Special Servicer Flexibility in Working Out CMBS May End
The flexibility that special servicers have working out delinquent U.S. CMBS loans may be limited in the coming months amid the protracted liquidity freeze, according to a new report by Fitch Ratings.
Fitch's report, "What's in Special Servicing?" highlights the 20 largest delinquent loans in special servicing expanding on its loan delinquency index.
"Though numerous plans are already in place to ease liquidity, the lending markets will open slowly, which potentially opens the door to increased defaults and higher loss severities in CMBS loans," said Fitch managing director Mary MacNeill. "Of particular interest are the number of 2006 and 2007 loans that have already transferred to special servicing just one to two years after securitization."
Special servicers have the flexibility to work out loans in different ways to minimize losses to the trust. Although this flexibility is a positive, options may be more limited in a less liquid environment. Servicers may need to hold on to loans longer than anticipated or sell off loans at fire-sale prices, which may create higher losses. A better option, according to Fitch, may be to work with the existing borrower to modify the debt or find a new borrower willing to assume the existing debt. Fitch's current rated U.S. CMBS portfolio is composed of 475 transactions with an unpaid principal balance of $556 billion. As of Sept. 30, 2008, Fitch's loan delinquency index was 45 basis points due to the delinquency of 488 loans representing $2.5 billion in UPB. Delinquent loans range in size from $87,740 to $112 million, with an average loan size of $5 million. Of all the loans, 17 have outstanding balances greater than $20 million.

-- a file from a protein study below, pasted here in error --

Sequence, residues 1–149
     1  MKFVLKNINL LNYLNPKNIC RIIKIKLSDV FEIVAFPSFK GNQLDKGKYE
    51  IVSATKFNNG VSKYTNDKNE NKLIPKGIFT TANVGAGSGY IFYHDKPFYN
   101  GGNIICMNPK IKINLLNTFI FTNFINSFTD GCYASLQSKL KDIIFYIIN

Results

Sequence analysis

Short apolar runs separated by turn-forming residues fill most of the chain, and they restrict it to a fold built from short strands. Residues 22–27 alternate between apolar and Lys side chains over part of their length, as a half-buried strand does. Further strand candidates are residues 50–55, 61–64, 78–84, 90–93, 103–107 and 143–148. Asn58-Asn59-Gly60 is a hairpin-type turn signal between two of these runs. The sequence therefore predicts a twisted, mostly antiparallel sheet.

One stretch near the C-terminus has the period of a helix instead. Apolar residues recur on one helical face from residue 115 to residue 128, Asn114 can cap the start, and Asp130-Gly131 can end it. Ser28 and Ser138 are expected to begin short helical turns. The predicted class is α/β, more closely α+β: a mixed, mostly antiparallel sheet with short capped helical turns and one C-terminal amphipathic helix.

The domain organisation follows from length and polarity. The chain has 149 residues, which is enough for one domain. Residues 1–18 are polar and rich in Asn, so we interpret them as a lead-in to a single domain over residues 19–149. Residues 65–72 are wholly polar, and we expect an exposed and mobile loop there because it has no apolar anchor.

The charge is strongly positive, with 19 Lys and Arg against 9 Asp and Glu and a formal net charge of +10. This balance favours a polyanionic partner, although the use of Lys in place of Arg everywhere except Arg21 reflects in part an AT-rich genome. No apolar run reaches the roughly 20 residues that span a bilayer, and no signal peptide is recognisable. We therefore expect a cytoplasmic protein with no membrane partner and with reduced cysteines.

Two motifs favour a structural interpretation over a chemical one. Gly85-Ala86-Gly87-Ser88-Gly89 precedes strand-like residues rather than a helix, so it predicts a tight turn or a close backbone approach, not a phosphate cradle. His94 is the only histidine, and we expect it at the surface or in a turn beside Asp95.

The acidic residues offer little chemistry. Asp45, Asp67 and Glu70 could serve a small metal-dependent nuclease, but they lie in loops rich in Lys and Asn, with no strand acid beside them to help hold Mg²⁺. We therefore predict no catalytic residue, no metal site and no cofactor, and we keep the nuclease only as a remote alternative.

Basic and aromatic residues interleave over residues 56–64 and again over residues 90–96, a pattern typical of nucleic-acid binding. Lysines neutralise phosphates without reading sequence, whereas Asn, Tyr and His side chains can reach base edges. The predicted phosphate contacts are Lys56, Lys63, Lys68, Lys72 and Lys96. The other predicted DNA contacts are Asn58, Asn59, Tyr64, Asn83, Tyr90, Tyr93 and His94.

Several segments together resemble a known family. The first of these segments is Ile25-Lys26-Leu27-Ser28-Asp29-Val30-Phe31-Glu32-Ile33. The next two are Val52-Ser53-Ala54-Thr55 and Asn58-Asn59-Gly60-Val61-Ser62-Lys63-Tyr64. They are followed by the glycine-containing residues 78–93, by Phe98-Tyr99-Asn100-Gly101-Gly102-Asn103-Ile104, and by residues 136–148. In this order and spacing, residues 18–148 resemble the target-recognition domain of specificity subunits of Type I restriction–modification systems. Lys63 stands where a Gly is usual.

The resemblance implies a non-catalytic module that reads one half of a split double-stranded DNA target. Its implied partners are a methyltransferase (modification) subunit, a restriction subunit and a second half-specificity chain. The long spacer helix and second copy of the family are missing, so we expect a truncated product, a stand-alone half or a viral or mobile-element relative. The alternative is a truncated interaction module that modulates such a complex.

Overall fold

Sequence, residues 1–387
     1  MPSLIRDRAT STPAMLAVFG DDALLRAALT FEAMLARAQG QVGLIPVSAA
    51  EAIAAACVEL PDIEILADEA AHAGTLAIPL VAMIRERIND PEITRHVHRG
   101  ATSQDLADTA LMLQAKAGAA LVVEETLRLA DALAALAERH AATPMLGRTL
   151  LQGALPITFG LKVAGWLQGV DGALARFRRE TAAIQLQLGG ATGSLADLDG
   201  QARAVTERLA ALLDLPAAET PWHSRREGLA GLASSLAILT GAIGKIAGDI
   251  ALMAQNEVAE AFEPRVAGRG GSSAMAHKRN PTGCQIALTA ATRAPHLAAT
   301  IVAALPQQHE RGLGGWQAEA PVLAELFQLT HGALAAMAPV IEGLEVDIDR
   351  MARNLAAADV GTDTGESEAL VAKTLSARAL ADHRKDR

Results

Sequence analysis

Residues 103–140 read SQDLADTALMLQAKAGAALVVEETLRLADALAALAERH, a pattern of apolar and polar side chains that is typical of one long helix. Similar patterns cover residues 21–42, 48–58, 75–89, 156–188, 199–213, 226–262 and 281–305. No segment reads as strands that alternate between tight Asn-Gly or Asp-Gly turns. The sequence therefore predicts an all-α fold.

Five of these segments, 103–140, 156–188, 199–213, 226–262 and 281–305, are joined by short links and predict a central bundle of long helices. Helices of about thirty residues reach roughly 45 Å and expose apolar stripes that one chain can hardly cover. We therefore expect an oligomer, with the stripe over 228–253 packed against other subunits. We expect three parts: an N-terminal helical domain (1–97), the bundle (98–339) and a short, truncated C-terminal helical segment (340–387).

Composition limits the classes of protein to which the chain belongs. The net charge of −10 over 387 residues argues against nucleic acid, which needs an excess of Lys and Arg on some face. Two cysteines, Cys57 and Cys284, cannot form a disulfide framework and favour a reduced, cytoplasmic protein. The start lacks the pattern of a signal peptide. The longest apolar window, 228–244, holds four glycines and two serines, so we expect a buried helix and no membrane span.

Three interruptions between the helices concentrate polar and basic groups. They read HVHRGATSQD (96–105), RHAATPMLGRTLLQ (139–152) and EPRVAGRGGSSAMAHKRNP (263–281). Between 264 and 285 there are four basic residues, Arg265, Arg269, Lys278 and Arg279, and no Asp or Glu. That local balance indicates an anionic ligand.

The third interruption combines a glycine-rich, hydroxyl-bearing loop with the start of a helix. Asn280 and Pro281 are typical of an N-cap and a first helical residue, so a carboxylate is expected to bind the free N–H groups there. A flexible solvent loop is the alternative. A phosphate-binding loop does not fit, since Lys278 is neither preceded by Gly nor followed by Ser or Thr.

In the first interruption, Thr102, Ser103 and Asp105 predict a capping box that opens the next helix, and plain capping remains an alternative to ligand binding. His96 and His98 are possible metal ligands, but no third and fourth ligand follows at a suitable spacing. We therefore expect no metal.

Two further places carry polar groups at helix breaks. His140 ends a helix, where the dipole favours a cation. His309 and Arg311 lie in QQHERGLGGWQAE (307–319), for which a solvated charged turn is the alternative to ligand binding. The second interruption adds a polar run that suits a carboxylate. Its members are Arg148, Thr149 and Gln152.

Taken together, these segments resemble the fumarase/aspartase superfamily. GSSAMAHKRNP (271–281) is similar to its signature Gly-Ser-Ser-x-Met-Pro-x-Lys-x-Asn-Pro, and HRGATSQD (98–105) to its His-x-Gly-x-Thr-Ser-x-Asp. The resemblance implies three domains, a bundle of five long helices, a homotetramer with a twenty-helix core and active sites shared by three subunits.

There are an additional 246 non-delinquent specially serviced loans totaling $2.5 billion, which have transferred due to imminent default or other non-monetary reasons. Although not all of these loans are likely to become delinquent and are not included in the 45 bps of delinquencies, if they did become delinquent, Fitch's loan delinquency index would double to 90 bps. Loans in special servicing range from $87,740 to $225 million, with an average loan size of $7 million.
These developments may result in servicers having to hold on to loans longer than anticipated or sell off loans at fire-sale prices, which may create higher losses. In this protracted period of illiquidity, it is becoming increasingly difficult to obtain any financing even for performing loans. While numerous plans to ease liquidity are in the early stages, Fitch expects the lending markets will open slowly, which will create increased defaults and higher loss severities in CMBS loans.